I suppose I should say something about this, even though I find it painful reading his speeches. Not because they are so partisan - what would you expect? Perhaps I can describe it by comparing it to an academic reading a student’s essay. With something like Vince Cable’s speech last year, you can read whole paragraphs quite happily, and then make a comment at the end like ‘yes, but you have ignored this etc’. With Osborne’s speeches, you feel the need to get the red pen out after every sentence. Each sentence seems as if it is crafted to mislead.
Take, for example, the issue about whether high debt inhibits growth. Now I happen to think that there are good theoretical reasons why high debt might reduce growth. However my reading of the empirical evidence - exhaustively examined following the critique of Reinhart and Rogoff - is that while there may be some (rather weak) correlation between high debt and low growth, there is no evidence of causality running from debt to growth, and more evidence that causality goes the other way. This is what Osborne speech says:
“And the conclusion of the academic literature is that high debt is undoubtedly correlated with lower growth. Even the possibility should give us cause for concern given the huge impact that small growth differentials can have over time.”
Does this give a rather different impression? But read it carefully - does he say anything that is clearly wrong? As I say, it is calculated to mislead, and the speech is full of this stuff. You may think that just means he has very good speech writers, but this makes it hard for an academic to read, and maybe an odd thing to do in an academic lecture. If the invitation was given because the RES was hoping to get something more substantial than the usual Osborne fare, I fear they will have been disappointed.
Still, let’s put that aside and talk about fiscal rules. I have argued that the form of Osborne’s original rule - achieve a particular deficit target over a 5 year rolling horizon - is very sensible for normal times. Here he proposes something that seems different - to start operating once the budget has got to a surplus. He distinguishes between good times and bad times. In good times the budget should be in surplus. In bad times, as called by the OBR, the budget can go into deficit.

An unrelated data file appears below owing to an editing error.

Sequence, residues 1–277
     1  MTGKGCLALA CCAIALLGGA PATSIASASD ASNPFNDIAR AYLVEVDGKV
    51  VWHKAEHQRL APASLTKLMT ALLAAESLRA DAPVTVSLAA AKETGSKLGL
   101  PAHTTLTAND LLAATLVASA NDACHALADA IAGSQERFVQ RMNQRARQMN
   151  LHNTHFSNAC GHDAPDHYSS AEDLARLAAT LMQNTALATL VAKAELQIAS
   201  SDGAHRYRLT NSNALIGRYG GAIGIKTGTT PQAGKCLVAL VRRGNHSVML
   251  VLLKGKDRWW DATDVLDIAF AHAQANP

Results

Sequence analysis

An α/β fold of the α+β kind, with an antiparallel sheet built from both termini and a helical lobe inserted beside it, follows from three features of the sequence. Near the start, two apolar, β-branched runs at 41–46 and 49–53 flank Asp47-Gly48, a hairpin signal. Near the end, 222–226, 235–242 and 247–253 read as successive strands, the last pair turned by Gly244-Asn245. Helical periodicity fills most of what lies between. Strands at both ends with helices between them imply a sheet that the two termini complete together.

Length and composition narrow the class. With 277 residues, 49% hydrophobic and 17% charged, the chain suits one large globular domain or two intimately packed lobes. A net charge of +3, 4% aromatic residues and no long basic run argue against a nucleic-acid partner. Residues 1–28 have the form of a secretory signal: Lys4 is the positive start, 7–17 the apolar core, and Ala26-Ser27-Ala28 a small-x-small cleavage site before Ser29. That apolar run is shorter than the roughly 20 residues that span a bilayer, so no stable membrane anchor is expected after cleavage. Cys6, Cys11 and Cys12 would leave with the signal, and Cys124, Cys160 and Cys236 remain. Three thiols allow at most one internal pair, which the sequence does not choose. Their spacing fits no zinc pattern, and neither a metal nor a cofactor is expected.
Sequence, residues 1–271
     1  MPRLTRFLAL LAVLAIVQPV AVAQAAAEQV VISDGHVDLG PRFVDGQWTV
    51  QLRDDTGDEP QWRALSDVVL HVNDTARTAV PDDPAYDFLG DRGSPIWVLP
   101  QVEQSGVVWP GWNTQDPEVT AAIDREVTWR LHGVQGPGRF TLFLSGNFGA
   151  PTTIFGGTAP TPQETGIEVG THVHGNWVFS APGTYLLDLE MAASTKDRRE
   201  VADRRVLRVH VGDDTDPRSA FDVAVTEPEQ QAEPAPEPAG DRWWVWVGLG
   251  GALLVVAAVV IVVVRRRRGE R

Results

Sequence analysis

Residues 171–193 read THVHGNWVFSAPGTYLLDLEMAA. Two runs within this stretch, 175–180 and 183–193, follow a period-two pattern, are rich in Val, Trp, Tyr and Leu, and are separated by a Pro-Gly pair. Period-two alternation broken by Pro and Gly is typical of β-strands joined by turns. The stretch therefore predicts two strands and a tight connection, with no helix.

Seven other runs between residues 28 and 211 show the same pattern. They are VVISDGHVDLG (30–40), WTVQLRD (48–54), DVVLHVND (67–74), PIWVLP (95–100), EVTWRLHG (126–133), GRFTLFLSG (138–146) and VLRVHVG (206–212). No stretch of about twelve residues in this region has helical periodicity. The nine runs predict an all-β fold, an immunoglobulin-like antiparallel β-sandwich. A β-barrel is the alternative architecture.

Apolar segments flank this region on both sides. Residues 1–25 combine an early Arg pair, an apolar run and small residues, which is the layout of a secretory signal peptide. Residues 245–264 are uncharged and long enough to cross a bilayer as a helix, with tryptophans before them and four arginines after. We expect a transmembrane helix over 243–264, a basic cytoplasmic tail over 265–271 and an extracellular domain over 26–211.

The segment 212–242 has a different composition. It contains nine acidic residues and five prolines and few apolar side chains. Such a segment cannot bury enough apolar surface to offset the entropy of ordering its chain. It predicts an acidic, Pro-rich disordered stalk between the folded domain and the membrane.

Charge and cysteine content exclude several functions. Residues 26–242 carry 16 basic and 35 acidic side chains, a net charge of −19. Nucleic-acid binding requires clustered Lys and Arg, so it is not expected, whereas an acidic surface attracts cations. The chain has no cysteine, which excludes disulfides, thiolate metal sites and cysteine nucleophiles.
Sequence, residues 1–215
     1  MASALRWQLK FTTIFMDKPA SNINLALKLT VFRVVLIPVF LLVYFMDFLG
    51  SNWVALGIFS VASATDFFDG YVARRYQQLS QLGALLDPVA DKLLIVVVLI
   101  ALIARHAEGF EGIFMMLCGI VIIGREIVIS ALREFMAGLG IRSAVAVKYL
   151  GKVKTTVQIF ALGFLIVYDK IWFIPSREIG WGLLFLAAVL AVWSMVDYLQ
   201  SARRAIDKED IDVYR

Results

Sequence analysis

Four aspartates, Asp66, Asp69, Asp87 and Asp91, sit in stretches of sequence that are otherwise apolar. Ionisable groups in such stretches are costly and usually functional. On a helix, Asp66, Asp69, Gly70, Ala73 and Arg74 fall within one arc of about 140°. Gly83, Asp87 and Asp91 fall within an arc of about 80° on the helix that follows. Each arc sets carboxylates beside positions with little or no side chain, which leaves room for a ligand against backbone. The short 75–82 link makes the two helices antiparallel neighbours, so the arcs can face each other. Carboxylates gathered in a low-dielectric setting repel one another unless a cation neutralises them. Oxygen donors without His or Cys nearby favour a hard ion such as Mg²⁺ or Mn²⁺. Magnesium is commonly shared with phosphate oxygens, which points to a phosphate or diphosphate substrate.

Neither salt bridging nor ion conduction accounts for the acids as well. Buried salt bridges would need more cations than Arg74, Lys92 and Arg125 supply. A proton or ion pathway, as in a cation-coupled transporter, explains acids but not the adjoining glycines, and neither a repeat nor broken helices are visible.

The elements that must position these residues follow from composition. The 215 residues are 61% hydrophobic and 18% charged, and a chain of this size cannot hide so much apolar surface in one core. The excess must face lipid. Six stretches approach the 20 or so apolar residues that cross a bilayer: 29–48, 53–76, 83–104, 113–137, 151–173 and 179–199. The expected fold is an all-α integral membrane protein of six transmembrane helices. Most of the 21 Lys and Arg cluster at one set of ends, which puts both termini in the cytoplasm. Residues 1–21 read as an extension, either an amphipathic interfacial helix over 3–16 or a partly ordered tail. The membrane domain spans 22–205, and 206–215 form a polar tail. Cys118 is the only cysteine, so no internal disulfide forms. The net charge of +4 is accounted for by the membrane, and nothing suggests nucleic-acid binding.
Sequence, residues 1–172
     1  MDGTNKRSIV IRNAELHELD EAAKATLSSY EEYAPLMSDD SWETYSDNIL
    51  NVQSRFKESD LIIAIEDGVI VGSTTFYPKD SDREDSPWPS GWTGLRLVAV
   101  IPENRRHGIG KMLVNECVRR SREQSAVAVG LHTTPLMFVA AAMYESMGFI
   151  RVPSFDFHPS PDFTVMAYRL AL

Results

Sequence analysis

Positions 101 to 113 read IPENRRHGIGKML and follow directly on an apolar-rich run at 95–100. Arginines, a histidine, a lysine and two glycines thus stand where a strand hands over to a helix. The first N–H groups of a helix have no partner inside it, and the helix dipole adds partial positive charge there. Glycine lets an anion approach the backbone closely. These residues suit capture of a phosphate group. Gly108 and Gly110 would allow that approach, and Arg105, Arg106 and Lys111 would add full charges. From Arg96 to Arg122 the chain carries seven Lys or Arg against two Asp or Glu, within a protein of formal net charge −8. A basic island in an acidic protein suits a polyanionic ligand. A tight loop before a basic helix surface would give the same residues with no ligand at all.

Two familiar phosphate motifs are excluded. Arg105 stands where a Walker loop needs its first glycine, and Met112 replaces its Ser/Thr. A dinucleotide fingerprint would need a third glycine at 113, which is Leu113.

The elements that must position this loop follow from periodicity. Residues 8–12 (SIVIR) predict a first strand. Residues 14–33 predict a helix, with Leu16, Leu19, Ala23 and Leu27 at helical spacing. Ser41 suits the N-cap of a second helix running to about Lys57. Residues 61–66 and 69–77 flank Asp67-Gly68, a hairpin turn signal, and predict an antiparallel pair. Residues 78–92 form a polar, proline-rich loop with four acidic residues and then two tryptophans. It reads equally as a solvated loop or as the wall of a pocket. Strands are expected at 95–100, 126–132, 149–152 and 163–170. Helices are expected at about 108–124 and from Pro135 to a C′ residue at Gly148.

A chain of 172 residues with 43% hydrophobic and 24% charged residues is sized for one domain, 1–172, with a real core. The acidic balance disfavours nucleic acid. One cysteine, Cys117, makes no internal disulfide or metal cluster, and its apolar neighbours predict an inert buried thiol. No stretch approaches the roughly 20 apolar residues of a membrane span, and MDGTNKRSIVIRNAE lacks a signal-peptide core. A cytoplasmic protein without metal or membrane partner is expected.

How to compare new and old? Could we reframe the new rule in terms of the old, by simply replacing the target of current balance with a new target of overall surplus? I’m honestly not sure - the speech is vague. What he may be doing is thinking about bad times not as your typical economic downturn, but something much worse, like the recent recession. In other words, he may be thinking about the kind of exercise I did here. If he was, we can make the following points:
1) To allow debt to GDP to go up substantially when there are occasional large negative shocks (which are not followed by large positive shocks), it makes sense to have debt to GDP falling in more normal times. I recommended such an approach in 2009.
2) This can be done without going for a surplus in normal times, just because of GDP growth. The exercise I did showed that. What is optimal obviously depends on the size and frequency of shocks, and the extent that fiscal policy is actively used to offset the shock. In my exercise, I allowed for another Great Recession in 2040, and thereafter every 40 years. I also allowed for much more fiscal stimulus than occurred under Obama. I assume Osborne would not allow any fiscal stimulus. Despite this, I still had debt to GDP trending downwards, with a target in normal times that was always a deficit.
3) One interesting and clear difference between his new and old rules is the focus on the overall deficit rather than the current balance. This is also something that Jonathan Portes and I recommended in our paper. It has to be combined with a separate target for public investment as a share of GDP, and in his lecture Osborne said that in the next Parliament capital investment will grow at least in line with GDP.
4) His proposal appears to give rather more influence to the OBR during these negative shocks. Jonathan and I also suggested an enhanced role for the OBR. In our proposal large shocks would be identified by the central bank suggesting interest rates might hit their zero lower bound, but we also said the OBR should be involved in thinking how deficits might evolve after the shock.
So there are some sensible ideas here, although the failure to acknowledge the problem of liquidity traps remains. There also seems to be an unnecessary obsession with surpluses, but I expect that is just a consequence of his short term goal of shrinking the state.
OK, one last piece of Osborne speak from the speech with relevance to my last post:
“Core inflation ... remains relatively stable and indeed rose slightly in yesterday’s data.”
And here is the data.